A reminder of Susan Omand's thoughts from a few years back on the creepy and the kooky, mysterious and spooky, the altogether ooky definitive film from 1991 ...
In all of Nate McKenzie’s list of Christmas films, he forgot to mention this one! What do you mean it’s not a festive film? It must be - it opens with carol singing for goodness sake. Closely followed by a slightly disturbing look at a little wooden Morticia Addams doll getting her cleavage kissed by a little wooden Gomez doll as the "cuckoo" on the clock, but that’s beside the point (literally).
For those of you out there that don’t know about the family there’s Mrs & Mrs Addams, their children Wednesday and Pugsley, Grandmama, Lurch the butler, the somewhat hirsute Cousin It (who only gets a brief appearance in this film) and Thing, a disembodied hand that roams the house like a pet. The plot of this film centres around a plan by the Addams’ lawyer conspiring with a loan shark, Abigail, to whom he owes a lot of money, to swindle the family out of their fortune by pretending that Abigail’s son Gordon is Mr Addams’ long lost brother Fester, returned once more to the bosom of the family. As always in these kind of films though, things never go quite to plan.
The casting of Raul Julia and Anjelica Huston as Mr and Mrs was utterly inspired as they out-eyebrow-act each other sublimely and the chemistry they have on screen is electric. It really is difficult now to imagine anyone else in these roles for a film version, something which will now sadly never happen after the sudden death of Raul Julia, although it was tried much less successfully with Tim Curry and Daryl Hannah in 1998 in a film meant to be the pilot of a new TV series. The original Charles Addams (hence the name I guess) comics were originally adapted into a TV version in the 1960’s, which was far more successful, with Carolyn Jones as Morticia and John Astin as Gomez. Yes, he’s Sean “Mikey/ Samwise/ Raphael” Astin’s father, in case you didn’t know that. This 1991 adaptation though is now more than 25 years old and probably ripe for another remake.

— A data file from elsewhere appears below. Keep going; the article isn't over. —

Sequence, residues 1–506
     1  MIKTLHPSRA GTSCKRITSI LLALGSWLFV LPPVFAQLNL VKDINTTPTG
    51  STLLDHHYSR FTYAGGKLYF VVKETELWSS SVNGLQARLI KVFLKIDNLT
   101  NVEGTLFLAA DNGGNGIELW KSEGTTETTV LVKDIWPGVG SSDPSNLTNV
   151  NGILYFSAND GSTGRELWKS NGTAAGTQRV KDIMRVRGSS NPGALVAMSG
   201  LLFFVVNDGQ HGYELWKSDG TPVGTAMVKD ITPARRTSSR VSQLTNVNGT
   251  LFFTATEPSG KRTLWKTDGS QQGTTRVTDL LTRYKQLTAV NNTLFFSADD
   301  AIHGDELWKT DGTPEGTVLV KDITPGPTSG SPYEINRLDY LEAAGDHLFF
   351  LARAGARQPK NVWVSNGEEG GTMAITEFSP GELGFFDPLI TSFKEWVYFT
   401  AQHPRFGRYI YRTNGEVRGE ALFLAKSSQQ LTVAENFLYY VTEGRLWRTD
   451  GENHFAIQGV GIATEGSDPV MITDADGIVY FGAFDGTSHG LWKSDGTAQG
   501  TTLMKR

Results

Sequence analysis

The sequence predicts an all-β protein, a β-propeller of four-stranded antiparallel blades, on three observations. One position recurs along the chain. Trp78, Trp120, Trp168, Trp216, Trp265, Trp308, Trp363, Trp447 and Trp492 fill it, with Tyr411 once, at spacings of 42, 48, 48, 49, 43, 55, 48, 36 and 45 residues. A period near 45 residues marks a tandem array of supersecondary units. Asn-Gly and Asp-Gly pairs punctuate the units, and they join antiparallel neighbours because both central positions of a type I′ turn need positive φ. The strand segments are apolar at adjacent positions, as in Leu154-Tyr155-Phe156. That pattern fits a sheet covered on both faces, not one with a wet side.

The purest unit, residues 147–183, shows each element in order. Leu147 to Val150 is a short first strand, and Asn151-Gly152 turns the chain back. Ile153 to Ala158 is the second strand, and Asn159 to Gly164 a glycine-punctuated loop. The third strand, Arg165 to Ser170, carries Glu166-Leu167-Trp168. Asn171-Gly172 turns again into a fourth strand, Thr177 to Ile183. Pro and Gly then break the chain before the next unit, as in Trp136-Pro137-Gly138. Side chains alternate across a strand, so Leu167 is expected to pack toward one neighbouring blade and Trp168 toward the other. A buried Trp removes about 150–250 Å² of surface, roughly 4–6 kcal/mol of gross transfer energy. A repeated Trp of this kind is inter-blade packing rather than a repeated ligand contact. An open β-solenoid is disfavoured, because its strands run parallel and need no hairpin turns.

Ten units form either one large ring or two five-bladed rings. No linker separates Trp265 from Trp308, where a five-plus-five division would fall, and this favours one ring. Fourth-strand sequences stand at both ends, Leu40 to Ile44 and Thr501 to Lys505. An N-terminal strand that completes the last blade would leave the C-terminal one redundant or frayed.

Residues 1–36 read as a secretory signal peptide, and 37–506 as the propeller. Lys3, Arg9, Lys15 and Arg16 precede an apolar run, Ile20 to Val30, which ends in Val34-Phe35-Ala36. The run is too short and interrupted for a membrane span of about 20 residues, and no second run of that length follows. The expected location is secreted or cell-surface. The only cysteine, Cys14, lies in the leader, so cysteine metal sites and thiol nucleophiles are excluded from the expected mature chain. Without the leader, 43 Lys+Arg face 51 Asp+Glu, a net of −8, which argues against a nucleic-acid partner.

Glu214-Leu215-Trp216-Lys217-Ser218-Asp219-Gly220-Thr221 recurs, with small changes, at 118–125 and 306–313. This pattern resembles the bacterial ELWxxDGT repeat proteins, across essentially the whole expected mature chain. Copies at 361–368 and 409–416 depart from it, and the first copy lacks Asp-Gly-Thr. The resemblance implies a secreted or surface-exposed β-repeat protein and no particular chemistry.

Anyway, back to the film. As for the other cast members, superb work from the indomitable Christopher Lloyd as he plays Uncle Fester/George the con artist with so much heart that you can’t take him seriously as a bad guy. The other stand out performance for me is Christina Ricci, just starting off her career of playing Christina Ricci in everything she does – much like Helena Bonham Carter did. Which is slightly ironic as this was rumoured for a while to be a Tim Burton vehicle although I think, if it had been, it would have ended up an entirely different film.
As it stands though, let’s face it, this is a film just for the fun of it and it’s not pretending to be anything else. Who cares if the CGI on Thing now looks a bit ropey and they feel they have to explain the whole plot again in the last five minutes. It’s the kind of film you can stick on in the afternoon and know you will be entertained but not emotionally or intellectually taxed. And at this time of year, when everyone is so stressed about holidays, family feuds and enforced socialising, that’s really all anyone can ask.
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